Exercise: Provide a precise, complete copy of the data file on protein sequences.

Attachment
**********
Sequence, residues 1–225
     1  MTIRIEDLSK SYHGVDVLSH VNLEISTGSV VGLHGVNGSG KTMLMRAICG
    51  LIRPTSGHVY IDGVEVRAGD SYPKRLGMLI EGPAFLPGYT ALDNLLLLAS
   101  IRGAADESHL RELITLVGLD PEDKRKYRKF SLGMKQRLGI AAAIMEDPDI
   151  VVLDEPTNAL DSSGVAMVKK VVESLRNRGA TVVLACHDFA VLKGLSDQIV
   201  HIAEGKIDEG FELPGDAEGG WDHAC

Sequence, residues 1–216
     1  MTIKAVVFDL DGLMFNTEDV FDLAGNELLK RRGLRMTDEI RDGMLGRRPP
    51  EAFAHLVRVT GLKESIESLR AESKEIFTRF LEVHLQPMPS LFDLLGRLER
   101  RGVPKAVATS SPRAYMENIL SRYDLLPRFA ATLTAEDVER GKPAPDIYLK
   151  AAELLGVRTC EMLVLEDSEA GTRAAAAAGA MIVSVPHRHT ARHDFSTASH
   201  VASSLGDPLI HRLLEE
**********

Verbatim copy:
Sequence, residues 1–225
     1  MTIRIEDLSK SYHGVDVLSH VNLEISTGSV VGLHGVNGSG KTMLMRAICG
    51  LIRPTSGHVY IDGVEVRAGD SYPKRLGMLI EGPAFLPGYT ALDNLLLLAS
   101  IRGAADESHL RELITLVGLD PEDKRKYRKF SLGMKQRLGI AAAIMEDPDI
   151  VVLDEPTNAL DSSGVAMVKK VVESLRNRGA TVVLACHDFA VLKGLSDQIV
   201  HIAEGKIDEG FELPGDAEGG WDHAC

Sequence, residues 1–216
     1  MTIKAVVFDL DGLMFNTEDV FDLAGNELLK RRGLRMTDEI RDGMLGRRPP
    51  EAFAHLVRVT GLKESIESLR AESKEIFTRF LEVHLQPMPS LFDLLGRLER
   101  RGVPKAVATS SPRAYMENIL SRYDLLPRFA ATLTAEDVER GKPAPDIYLK
   151  AAELLGVRTC EMLVLEDSEA GTRAAAAAGA MIVSVPHRHT ARHDFSTASH
   201  VASSLGDPLI HRLLEE